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Rock Island police officers silently protest after alderman called them "agents of state violence"
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Rock Island police officers silently protest after alderman called them "agents of state violence"

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Families packed into Rock Island City Hall on Monday night to witness three aldermen and Mayor Mike Thoms take their oaths of office after winning their elections April 6.

But a different kind of audience showed up just for Alderman Dylan Parker, Ward 5. On the night Parker was to be sworn in for his second term on city council, more than 50 Rock Island police officers, in their uniforms, stood along the back and side walls of council chambers to protest recent comments made by the alderman.

Police Chief Jeff VenHuizen, who attends every city council meeting, stood in the center.

Their presence was in response to comments made by Parker on his official alderman Facebook page after Rock Island County States Attorney Dora Villarreal issued a decision April 28 that no charges would be filed against four officers involved in the foot pursuit and shooting death of DeShawn Tatum on April 1.

Parker referred to police as "agents of state violence" and noted the city and police department have no official foot pursuit policy.

Angry residents also spoke out during the public comments portion at the beginning of the meeting. But the protest was directed at an empty seat; Parker was absent. 

Don Mewes said Parker's comments were "anti-police, anti-law enforcement, anti-citizen of Rock Island. We deserve better; we deserve protection."

Rock Island resident Ray Lind called for Parker's resignation. 

"Seriously, he needs to resign," Lind said. "At the end of the day, this alderman has chosen a side. This is very easy to fix if he is courageous enough to move forward in the right direction. Instead, he feeds the ignorant, making them believe the police are the problem."

Illinois Fraternal Order of Police Executive Director, Shawn Roselieb, who issued a statement April 30 demanding a retraction and apology from Parker, was in attendance to speak in support of the police department and discourage online criticism against police. 

"I challenge you to push away from the keyboard," Roselieb said. "I challenge you to stay off of social media. I challenge you to pick up the phone, make a phone call, meet in person with your police chief."

Andrew DeFrieze spoke in support of Parker, saying Parker was right to question whether foot pursuits are necessary.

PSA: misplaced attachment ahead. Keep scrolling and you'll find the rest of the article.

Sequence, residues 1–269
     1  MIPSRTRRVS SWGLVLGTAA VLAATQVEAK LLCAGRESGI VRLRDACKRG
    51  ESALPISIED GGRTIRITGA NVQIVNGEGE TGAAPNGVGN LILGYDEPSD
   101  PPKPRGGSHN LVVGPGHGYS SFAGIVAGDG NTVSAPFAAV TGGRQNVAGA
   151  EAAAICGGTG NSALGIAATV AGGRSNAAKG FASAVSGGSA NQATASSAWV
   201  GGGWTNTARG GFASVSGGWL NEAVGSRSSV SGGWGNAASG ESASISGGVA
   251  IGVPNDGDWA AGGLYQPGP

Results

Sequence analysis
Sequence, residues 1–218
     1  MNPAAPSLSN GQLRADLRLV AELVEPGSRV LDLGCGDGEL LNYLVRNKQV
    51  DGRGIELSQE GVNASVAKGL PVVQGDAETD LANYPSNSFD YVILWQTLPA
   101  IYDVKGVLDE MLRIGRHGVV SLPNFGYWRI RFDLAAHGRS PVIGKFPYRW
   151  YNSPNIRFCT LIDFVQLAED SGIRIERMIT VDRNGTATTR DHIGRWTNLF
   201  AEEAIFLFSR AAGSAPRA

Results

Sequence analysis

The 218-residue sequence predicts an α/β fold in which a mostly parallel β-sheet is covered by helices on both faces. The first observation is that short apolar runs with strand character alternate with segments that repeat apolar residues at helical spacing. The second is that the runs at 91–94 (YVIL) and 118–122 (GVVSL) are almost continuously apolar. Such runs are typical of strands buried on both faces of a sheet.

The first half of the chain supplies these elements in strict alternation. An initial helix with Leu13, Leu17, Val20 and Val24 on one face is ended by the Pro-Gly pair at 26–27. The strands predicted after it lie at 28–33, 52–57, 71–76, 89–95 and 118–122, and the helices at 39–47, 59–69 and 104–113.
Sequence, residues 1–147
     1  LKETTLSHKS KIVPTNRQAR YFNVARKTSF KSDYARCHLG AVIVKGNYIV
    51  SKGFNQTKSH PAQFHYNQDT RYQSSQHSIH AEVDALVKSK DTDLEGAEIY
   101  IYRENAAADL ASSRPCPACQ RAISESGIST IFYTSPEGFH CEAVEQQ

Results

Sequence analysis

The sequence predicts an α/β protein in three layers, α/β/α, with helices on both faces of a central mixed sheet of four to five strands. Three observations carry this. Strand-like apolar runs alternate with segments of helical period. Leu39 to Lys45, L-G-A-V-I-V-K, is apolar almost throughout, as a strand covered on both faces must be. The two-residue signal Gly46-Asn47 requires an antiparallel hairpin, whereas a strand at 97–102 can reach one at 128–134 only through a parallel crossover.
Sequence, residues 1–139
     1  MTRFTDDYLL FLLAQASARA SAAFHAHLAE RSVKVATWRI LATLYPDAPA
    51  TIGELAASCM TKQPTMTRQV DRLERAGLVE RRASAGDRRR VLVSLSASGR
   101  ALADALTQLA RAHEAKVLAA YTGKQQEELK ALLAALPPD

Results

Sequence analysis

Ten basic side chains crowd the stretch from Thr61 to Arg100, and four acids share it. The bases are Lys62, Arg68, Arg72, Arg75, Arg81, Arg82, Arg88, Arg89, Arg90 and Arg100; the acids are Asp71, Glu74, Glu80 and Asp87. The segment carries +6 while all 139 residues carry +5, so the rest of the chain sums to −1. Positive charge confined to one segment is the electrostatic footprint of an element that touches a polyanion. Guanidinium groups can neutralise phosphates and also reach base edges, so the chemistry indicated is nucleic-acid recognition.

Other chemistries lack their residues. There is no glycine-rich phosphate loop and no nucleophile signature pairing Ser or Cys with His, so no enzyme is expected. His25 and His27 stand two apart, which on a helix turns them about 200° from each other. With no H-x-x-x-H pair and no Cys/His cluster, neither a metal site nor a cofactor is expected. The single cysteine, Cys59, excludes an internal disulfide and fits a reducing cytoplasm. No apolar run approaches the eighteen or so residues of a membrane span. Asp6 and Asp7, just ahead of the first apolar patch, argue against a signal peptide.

"Alderman Parker has made the mildest statement regarding police reform, and it was immediately criticized by the powers that be," DeFrieze said. "To which I say, if you are in a position of power and advocate for policies that challenge the status quo, and are attacked for that by the mayor and the police union, you are moving in the right direction."

DeFrieze criticized the city for remaining silent after Tatum's death. He said the city increased the police department budget by nearly $1 million while other departments like parks and recreation and libraries received budget cuts or minimal funding. 

"How will more money to the police help vanquish the violent, institutional racism that has been inflicted against Black and brown people since this country's founding?" DeFrieze said. "I'm glad to see someone on the current city council is vocal about these issues, but I want to see concrete action, not just rhetoric. 

"I have a word of caution and advice; if you are in a position of power, with the ability to improve the lives of the most marginalized people in our society, and after witnessing all of the events and all of the police brutality in the last year and then some, you sit back and say, 'this is fine,' I ask you, what is the difference between you and a white supremacist?" 

As soon as public comments ended, the police officers exited single-file through the double doors, pausing to shake VenHuizen's hand on their way out. 

After the meeting, VenHuizen said the officers did not show up at his request. 

"It was a decision made by the membership of the police department and the unions that represent the police department: the Fraternal Order of Police and the Command Officers Association," VenHuizen said. 

VenHuizen declined to comment on Parker or the police officers' presence at the meeting. 

"It's not my role to get involved in politics, so I'm not going to comment on it," he said. "The union has made their statement and the statement stands for what they said."

Roselieb could not be reached for further comment Tuesday. 

Former mayoral candidate Thurgood Brooks issued a statement May 6 in which he defended Parker and took aim at Thoms for voicing his disappointment in Parker's comments. 

"Rather than create a forum for the difficult conversations we need to have, our mayor shut down dialogue and responded to a sitting council member in a way that highlighted division and silenced representation," Brooks said. "Instead of viewing Mr. Parker as a good actor wanting safer and more effective policing, the mayor discounted the concerns of Rock Islanders and chose to polarize us rather than seek solutions."

Parker said Tuesday that he stood behind his statement questioning whether foot pursuits were necessary if the outcome resulted in death. 

"I've made my statement," Parker said. "I am looking forward to moving on and serving my constituents in my second term."

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